"I should have said so from the beginning," he muttered. "I knew it, but--" He screwed up his face for a moment, then raised his head and looked at Seishirou again. "It's my work," he said tautly, his expression torn by frustration and self-directed anger, by yearning and grief, and Seishirou suddenly grasped the divisions between what Subaru both wanted and didn't want on the one hand and what he believed was the proper way to fulfill his duties on the other.
And the truth--that Seishirou was an unwelcome intrusion on those duties.
"Oh," Seishirou said after a pause. "I...didn't know you felt that way."
Rather than seeming relieved or vindicated, Subaru set his jaw. He ducked his head and marched past Seishirou, hands clenched at his sides. "I'll just wait here, then," Seishirou called softly as Subaru strode away, showing no sign of having heard him. Pausing further down the avenue, Subaru cast about briefly before leaping in one bound onto the roof of a warehouse and disappearing from view.
Seishirou stared at the blank field of sky where Subaru had vanished. Then his gaze dropped back to the empty avenue, to the puddle reflecting that sky close by his feet. He could sense Subaru's psychic presence as it receded across the warehouse complex. Feeling peculiarly at a loss, he groped in his coat pockets before locating his cigarettes in the breast pocket of his shirt. He touched the rectangular package through the cloth, then hesitated, shaking his head.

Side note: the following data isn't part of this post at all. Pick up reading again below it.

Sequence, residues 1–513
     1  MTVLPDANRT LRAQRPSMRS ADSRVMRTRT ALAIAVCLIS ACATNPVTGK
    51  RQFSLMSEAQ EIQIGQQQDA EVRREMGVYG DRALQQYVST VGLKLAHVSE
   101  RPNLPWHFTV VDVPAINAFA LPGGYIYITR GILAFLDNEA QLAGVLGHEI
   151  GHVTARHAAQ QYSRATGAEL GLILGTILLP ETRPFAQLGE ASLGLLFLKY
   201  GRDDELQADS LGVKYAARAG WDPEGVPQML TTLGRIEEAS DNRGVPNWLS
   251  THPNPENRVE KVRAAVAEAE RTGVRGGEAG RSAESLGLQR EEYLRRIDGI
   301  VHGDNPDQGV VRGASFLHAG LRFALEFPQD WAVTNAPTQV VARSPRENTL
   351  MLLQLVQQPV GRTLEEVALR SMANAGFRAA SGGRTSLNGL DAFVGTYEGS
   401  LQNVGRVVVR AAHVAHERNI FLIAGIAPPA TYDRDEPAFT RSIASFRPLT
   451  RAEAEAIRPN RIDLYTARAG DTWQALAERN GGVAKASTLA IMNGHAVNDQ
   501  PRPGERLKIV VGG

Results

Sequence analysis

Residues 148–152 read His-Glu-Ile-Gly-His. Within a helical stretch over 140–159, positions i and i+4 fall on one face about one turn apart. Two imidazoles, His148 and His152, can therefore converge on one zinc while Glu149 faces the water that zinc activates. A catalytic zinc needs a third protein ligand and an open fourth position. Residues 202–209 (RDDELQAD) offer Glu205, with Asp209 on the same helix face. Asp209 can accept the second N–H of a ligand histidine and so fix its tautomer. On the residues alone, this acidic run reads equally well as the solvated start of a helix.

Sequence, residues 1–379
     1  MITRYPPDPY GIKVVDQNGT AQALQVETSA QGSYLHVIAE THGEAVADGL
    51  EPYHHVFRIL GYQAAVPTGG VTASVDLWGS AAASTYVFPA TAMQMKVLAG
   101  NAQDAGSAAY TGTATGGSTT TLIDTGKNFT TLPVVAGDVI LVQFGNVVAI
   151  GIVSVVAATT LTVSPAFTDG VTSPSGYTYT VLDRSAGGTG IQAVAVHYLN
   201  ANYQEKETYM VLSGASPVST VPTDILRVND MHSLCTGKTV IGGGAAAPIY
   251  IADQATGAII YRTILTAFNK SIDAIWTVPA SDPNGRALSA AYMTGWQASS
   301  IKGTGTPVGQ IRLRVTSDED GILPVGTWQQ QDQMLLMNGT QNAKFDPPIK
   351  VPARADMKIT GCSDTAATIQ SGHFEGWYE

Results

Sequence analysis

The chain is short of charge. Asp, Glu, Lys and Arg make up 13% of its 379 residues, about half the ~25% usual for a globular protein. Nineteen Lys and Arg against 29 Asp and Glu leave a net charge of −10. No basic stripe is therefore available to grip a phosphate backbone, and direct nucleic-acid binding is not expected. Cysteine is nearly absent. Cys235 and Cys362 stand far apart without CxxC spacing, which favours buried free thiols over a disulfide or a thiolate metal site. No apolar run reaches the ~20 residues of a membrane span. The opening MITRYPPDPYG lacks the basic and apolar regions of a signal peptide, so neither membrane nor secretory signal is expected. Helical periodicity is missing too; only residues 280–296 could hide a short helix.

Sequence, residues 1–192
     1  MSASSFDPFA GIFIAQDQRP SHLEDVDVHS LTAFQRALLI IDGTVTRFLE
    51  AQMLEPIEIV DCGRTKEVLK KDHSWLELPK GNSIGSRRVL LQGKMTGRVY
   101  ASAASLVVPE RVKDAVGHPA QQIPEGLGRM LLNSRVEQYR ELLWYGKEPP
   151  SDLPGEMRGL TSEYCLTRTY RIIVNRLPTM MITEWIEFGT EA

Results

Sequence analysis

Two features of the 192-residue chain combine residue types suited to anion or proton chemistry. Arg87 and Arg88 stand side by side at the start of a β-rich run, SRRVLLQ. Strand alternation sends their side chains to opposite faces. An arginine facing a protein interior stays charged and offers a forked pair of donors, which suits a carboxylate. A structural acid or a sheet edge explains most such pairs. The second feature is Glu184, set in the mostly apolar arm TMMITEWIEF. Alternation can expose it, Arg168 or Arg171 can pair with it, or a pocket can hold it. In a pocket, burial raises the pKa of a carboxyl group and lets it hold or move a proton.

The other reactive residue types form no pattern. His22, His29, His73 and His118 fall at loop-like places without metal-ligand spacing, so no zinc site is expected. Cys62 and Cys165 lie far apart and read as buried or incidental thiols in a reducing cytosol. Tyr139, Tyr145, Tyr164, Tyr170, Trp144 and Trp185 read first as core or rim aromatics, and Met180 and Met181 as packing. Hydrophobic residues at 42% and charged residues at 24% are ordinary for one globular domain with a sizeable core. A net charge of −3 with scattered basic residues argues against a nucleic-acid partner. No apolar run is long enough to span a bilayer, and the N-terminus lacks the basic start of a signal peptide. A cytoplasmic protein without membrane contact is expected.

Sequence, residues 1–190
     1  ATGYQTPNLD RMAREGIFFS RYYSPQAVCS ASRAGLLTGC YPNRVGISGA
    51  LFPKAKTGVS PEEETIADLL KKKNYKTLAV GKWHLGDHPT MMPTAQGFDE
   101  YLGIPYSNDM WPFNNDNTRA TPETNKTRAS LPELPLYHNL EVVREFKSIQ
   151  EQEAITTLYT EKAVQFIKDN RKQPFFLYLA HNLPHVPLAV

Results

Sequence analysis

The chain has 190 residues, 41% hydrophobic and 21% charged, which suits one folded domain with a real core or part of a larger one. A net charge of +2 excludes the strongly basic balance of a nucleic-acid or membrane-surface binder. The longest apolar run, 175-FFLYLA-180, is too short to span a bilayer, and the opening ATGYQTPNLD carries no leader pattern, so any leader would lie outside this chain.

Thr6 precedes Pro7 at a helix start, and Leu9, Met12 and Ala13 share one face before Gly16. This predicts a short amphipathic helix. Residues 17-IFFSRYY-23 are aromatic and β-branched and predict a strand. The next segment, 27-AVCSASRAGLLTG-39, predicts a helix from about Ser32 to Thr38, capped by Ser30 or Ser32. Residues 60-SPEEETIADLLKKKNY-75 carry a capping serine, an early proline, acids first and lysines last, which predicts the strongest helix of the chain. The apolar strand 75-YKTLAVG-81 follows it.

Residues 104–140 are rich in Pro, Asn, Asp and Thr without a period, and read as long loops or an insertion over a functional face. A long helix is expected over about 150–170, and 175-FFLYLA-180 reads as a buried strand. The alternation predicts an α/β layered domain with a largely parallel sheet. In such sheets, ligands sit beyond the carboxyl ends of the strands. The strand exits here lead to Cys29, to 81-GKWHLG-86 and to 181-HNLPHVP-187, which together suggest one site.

"What am I thinking?"
Seishirou took a step forward and then sprang toward the warehouse roof, wrapping an illusion of air and snow-reflected light around himself as he went after Subaru.
* * * * *
Poised near the top of a crane that reared high above the island's dockside--easily the best vantage in the complex--Seishirou glanced down at his shadow. It fell across the metal crossbars beneath his feet, dulling their faint gleam. That smudge of darkness rippled as he set his will upon it, and then something condensed from it: a thickening smokiness that rose into the air, unfurling cloudy wings. As the spirit-creature gained substance, he extended his arm, and it settled down onto his wrist. He brought his arm in to his body, and the eagle shikigami hopped lightly from wrist to shoulder, just as a real bird might. Its presence was a familiar mental pressure, a subtle grip of talons, and a whisper of incorporeal feathers close by his face as he turned to observe the slight young man hastening across a rooftop as if scudded along the snow's crust by some strong breeze. He kept his concealing illusion folded about him, although he doubted Subaru would notice him even if he didn't. At the moment, Subaru was concentrating rather intensely on finding something else.
Watching Subaru hesitate at the corner of the building and then drop with wary ease into the paved yard below, Seishirou continued to brood over that little outburst. Of course, he should have seen the real reason for Subaru's moodiness from the very beginning and arranged to watch over him from afar, like this. But it had seemed the most natural thing in the world to accompany his lover--in the past he had often been entertained by the exercise of rescuing Subaru, and the habit of involving himself in the onmyouji's affairs had apparently remained while the habit of being discreet about it, he admitted wryly, had not. Yet hadn't Subaru himself seemed to waver between acceptance and denial before some pressure--his over-scrupulous work ethic? his clan's long tradition of not involving outsiders?--had driven him over the edge?